The Phoenix of Hiroshima has had a long, strange trip.
“She was a bad woman,” Carlos Hathcock once said of the woman known as ‘Apache.’ “Normally kill squads would just kill a Marine and take his shoes or whatever, but the Apache was very sadistic. She would do anything to cause pain.” This was the trademark of the female Viet Cong platoon leader. She captured Americans in the area around Carlos Hathcock’s unit and then tortured them without mercy.
“I was in her backyard, she was in mine. I didn’t like that,” Hathcock said. “It was personal, very…
May 22nd is the date when the American ship Savannah set sail from Savannah, Georgia in 1819 and became the first transoceanic voyage ever made under steam power. Hence the day was chosen for the date of tribute.
In 2002, the Military Sealift Command held a memorial service in Washington D.C. Rear Admiral David Brewer III and Gordon England, Secretary of the Navy, tossed a wreath into the Anacostia River at the Washington Navy Yard in honor of the fallen mariners.
In 2013, National Maritime Day was celebrated with picnics and tours at the Port of San Diego; maritime career fairs in Seattle and Baltimore, as well as the traditional memorial ceremonies.
View original post 222 more words
View original post 67 more words
This Monday, May 4, marks the 45th anniversary of the Kent State shootings involving the killing of 4 unarmed university students by the Ohio National Guard.
Jeffrey Glenn Miller was 20 years old. He was 265 feet from the National Guard and was shot through the mouth, He was killed instantly.
Allison B. Krause, 19 was 343 feet away and died from a fatal chest wound.
William Knox Schroeder, 19, was 383 feet away and was shot in the back. He died in hospital.
Sandra Lee Scheuer, 20, was 390 feet away from the Guard and was shot in the neck. She bled out while lying on the ground.
Nine other students were wounded, including one permanently paralyzed from the chest down.
The record states that the Guardsmen fired 67 rounds in 13 seconds.
Several days before the campus protests over the expansion of the war into Cambodia, President Nixon…
View original post 433 more words
Dalton Trumbo with his wife Cleo at the House Un-American Activities Committee hearings in 1947.
“World War I began like a Summer festival – all billowing skirts and golden epaulets. Millions upon millions cheered from the sidewalks while plumed Imperial Highnesses, Serenities and Field Marshals and other such fools paraded thorugh the capital cities of Europe at the head of their shining legions.
It was a season of generosities, a time for boasts, bands, poems, songs, innocent prayers. It was an August made palpitant and breathless by the pre-nuptial nights of young gentlemen officers and the girls they left permanently behind. One of the Highland regiments went over the top in its first battle behind forty kilted bagpipers skirling away for all they were worth – at machine guns.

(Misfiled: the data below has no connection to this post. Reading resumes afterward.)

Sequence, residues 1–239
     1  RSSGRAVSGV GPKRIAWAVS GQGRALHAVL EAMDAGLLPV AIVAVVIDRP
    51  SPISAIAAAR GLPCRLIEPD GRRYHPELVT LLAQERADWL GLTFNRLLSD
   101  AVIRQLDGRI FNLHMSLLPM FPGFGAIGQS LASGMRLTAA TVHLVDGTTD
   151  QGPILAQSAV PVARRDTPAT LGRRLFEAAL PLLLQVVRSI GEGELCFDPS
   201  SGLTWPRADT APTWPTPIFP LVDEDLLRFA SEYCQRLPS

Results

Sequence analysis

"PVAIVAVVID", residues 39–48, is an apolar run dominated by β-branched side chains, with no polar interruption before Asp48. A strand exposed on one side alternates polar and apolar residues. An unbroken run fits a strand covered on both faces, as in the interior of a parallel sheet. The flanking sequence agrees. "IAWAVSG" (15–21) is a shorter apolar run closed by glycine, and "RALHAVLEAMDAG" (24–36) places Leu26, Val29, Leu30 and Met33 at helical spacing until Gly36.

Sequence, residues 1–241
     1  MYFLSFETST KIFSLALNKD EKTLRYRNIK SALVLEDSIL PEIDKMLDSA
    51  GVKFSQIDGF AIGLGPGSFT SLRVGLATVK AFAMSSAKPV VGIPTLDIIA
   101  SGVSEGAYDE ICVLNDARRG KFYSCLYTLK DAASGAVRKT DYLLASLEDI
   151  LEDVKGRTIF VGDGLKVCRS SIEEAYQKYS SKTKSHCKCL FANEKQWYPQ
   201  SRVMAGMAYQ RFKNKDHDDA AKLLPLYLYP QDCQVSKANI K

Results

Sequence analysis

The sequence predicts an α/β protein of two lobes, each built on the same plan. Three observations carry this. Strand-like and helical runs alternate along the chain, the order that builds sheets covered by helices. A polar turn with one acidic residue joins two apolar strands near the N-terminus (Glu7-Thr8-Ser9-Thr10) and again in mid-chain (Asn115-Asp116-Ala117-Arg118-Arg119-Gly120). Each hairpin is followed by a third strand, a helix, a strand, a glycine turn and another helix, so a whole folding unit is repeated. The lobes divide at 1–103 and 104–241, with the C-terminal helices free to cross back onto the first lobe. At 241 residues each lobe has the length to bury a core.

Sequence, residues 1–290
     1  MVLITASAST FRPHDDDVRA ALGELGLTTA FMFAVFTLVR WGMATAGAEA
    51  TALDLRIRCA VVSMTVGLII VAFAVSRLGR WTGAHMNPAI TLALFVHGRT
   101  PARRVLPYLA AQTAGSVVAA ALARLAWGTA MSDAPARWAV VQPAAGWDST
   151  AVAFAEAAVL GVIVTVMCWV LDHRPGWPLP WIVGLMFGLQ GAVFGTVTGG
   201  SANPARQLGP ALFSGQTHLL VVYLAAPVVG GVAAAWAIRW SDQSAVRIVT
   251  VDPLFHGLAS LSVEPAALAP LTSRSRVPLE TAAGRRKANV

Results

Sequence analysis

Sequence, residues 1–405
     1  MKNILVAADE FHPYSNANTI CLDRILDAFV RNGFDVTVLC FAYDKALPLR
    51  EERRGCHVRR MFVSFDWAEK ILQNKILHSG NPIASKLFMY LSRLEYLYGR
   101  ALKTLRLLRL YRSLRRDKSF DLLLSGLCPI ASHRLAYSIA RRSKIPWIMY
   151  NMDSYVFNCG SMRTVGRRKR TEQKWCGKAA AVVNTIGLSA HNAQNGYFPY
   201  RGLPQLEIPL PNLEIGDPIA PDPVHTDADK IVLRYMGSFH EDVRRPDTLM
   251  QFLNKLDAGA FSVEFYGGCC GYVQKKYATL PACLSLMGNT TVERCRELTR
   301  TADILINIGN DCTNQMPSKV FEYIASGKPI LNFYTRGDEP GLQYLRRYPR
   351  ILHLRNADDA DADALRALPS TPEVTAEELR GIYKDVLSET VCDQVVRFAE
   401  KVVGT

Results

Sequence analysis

Nine million corpses later, when the bands stopped and the Serenities started running, the wail of bagpipes would never again sound…
View original post 424 more words
Apparently taken moments before they were killed.
I’m not even going to try and summarise this one. Below is a little bit from an article about it:
The Mỹ Lai Massacre was the Vietnam War mass killing of between 347 and 504 unarmed civilians in South Vietnam on March 16, 1968. It was committed by U.S. Army soldiers from the Company C of the 1st Battalion, 20th Infantry Regiment, 11th Brigade of the 23rd (America) Infantry Division.
Women and children killed.
Victims included men, women, children, and infants. Some of the women were gang-raped and their bodies mutilated.
One soldier shot himself in the foot; another sets a building on fire.
Twenty-six soldiers were charged with criminal offences, but only Lieutenant William Calley Jr., a platoon leader in C Company, was convicted.
Found guilty of killing 22 villagers, he was originally given a life sentence, but served only three…
View original post 7 more words
As the son and heir of Emperor Minh Mang, Thieu Tri had a tough act to follow. Vietnam had achieved its peak in size and influence but the “Great South” stood precariously on this historical apex. The French were becoming increasingly interested in the region and the slightest mistake could upset the balance and plunge the country into a struggle it could not hope to win. However, when Prince Nguyen Mien Tong came to the throne in 1841, taking the era name of Thieu Tri, this looming threat was not outwardly apparent. The reign of his father had not been free of trouble by any means but it had been great and glorious and it seemed that all Emperor Thieu Tri had to do was follow in his footsteps, steering a steady course and the power and prestige of the Nguyen Dynasty would continue. The country seemed to be in good hands as Emperor Thieu Tri was similar to his illustrious father in many ways. He was highly educated, very intelligent, devoted to traditional Confucian values, a lover of nature, artistic and intellectually curious. He was open to learning from the west but like his father was also determined to keep western influence out of Vietnam and maintain the close relationship with the Great Qing Empire.
In the early days of his reign, everything appeared tranquil. There were no major problems and the reign of the…